President Joe Biden comes off the victory of Ketanji Brown Jackson’s confirmation to the Supreme Court with a backlog of lower court vacancies that don’t have a pending nominee, including 19 circuit court seats.
Biden moved quickly to fill judicial vacancies in his first year in office but has put forward only one nomination since Justice Stephen Breyer announced plans to retire in late January. The White House must pick up the pace if it wants to fill judgeships—including two seats on the powerful D.C. federal appeals court—prior to midterm elections that could end Democrats’ narrow Senate majority.
“There certainly is another opportunity to have a year similar to 2021,” John Collins, a professor at George Washington University who focuses on judicial nominations, pointing in particular to the circuit vacancies. “But they are starting to approach the point where they’re going to lose valuable time to hold hearings if they don’t start sending more nominees forward.”
Sen. Lindsey Graham (R-S.C.) underscored what a Republican-controlled Senate would look like for Biden’s judicial nominees at Jackson’s Judiciary Committee markup, where he warned, “the process you started to go to a simple majority vote is going to rear its head here pretty soon when we’re in charge. Then we’ll talk about judges differently.”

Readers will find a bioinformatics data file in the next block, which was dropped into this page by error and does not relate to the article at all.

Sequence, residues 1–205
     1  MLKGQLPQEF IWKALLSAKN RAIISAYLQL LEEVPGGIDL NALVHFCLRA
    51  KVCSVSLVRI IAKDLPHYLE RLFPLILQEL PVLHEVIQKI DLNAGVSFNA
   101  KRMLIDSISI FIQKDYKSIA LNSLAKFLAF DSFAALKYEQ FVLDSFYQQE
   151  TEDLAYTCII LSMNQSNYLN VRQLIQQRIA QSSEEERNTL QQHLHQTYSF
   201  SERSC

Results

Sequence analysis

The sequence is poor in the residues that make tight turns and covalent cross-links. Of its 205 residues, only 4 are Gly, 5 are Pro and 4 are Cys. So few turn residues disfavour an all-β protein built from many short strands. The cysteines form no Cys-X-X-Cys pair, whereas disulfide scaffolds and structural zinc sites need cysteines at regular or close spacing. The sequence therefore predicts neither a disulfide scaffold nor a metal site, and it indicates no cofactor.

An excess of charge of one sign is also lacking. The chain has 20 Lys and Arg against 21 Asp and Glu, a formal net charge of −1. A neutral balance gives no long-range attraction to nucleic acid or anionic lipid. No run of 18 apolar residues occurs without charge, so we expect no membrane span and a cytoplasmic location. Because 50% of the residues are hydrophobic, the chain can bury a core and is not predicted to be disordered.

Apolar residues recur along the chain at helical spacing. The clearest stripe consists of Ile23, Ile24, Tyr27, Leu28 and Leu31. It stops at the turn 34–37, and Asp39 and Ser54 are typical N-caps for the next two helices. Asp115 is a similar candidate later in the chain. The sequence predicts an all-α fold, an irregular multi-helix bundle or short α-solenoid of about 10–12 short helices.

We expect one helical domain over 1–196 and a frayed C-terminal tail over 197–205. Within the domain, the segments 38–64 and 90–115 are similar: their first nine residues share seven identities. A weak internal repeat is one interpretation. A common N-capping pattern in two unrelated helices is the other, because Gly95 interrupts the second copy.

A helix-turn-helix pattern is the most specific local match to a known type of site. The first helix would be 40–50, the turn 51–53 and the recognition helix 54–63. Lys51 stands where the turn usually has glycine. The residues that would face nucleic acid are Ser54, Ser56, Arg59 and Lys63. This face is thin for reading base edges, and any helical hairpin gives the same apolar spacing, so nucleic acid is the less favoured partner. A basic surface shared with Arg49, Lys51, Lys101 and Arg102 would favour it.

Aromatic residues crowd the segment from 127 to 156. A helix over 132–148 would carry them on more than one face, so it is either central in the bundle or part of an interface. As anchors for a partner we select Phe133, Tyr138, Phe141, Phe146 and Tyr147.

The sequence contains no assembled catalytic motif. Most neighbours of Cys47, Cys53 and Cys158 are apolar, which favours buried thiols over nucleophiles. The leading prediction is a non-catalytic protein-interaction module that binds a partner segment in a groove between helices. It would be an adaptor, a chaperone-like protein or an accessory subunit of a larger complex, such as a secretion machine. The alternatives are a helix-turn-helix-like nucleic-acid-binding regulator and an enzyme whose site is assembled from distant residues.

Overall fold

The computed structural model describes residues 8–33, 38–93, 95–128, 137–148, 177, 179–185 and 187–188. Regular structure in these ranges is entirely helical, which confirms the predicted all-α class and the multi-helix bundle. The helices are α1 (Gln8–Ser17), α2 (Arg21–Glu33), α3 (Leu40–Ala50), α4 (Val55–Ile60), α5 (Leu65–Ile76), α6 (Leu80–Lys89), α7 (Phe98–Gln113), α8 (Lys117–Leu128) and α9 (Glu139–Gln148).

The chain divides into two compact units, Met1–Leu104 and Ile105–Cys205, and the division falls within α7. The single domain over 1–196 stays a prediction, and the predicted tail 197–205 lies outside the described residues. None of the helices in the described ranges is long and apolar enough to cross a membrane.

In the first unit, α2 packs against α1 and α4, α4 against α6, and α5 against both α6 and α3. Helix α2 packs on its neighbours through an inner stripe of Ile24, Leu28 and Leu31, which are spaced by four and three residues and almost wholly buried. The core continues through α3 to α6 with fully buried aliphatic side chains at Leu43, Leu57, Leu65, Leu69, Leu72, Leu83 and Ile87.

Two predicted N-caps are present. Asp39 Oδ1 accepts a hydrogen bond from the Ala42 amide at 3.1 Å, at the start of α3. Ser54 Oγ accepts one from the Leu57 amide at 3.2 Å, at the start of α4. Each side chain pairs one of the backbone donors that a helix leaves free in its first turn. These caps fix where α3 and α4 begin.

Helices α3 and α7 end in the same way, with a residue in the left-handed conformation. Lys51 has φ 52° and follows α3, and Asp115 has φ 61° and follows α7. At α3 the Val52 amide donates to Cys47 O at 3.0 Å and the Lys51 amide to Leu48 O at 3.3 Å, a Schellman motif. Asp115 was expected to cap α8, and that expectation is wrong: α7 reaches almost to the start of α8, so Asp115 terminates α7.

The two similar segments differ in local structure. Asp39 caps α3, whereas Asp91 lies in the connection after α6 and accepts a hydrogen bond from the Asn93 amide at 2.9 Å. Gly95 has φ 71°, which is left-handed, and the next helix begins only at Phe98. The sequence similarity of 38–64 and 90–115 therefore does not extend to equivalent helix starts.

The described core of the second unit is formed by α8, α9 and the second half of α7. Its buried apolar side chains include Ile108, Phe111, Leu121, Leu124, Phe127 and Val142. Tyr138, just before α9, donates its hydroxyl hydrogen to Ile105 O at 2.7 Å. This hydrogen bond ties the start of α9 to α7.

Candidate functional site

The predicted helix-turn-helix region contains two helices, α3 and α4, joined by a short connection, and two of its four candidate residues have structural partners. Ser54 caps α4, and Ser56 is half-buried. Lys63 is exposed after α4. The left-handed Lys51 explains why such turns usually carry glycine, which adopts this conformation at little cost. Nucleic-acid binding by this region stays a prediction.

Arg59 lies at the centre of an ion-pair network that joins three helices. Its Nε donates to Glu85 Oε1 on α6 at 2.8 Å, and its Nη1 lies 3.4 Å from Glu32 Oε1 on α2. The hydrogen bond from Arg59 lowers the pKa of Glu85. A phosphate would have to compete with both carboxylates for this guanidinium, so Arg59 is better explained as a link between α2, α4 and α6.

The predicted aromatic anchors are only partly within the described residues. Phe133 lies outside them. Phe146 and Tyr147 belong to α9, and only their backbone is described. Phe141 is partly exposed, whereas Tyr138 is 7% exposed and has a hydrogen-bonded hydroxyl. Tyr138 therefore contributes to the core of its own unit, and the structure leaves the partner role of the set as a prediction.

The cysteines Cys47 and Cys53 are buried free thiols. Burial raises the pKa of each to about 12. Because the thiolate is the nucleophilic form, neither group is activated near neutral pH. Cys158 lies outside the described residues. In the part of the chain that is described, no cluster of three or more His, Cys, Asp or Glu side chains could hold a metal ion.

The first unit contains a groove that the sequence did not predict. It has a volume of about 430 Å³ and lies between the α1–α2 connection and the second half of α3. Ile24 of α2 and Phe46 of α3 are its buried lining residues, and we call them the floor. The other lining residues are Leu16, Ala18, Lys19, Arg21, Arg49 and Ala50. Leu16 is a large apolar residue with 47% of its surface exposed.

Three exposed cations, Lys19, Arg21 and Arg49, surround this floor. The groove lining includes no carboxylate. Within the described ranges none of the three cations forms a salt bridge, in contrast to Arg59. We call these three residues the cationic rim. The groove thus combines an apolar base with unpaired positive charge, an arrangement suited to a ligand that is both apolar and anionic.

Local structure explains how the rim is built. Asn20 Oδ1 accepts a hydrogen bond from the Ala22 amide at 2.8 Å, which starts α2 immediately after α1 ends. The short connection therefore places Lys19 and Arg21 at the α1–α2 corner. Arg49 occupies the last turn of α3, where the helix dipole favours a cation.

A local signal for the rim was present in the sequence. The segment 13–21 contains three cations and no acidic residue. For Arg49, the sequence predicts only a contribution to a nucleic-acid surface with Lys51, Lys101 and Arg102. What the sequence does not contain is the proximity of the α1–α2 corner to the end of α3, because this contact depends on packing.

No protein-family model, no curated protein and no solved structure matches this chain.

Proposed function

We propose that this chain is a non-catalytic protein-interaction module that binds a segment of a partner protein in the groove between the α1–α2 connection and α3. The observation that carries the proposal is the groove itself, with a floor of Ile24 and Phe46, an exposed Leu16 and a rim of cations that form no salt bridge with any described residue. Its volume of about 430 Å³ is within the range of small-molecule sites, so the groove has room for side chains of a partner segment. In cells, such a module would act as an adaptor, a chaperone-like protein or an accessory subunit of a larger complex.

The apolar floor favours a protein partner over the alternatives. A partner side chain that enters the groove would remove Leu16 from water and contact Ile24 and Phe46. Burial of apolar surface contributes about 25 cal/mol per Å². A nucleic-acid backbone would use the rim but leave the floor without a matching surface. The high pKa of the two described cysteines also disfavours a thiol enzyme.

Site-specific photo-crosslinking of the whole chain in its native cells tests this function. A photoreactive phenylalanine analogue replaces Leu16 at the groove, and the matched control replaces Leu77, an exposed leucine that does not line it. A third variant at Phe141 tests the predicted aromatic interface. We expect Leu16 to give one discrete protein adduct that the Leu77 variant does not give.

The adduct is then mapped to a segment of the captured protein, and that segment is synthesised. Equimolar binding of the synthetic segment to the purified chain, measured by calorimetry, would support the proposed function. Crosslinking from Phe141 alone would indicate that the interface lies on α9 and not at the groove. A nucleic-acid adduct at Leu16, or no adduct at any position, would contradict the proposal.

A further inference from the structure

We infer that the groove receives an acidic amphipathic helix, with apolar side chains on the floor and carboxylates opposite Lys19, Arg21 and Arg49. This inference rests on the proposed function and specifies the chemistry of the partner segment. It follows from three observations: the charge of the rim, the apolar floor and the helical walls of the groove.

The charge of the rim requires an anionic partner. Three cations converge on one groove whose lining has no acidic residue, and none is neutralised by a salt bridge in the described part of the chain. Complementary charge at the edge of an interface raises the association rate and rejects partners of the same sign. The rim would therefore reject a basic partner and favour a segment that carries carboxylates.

Democrats eliminated the 60-vote requirement on executive and judicial nominations under Barack Obama after Republicans stymied nominees. Republican Donald Trump also used those procedures to his advantage to appoint three justices and reshape lower courts with younger conservatives with the help of a GOP-led Senate.
In his first 12 months, Biden outpaced every president since John F. Kennedy with his appointments, according to the Brookings Institution’s Russell Wheeler. Those nominees have been diverse in terms of gender, race and ethnicity, and professional experience.
The Senate moved on lower court nominees during Jackson’s confirmation process, but new nominations essentially paused following Breyer’s announcement with a single new nomination announced Feb. 2.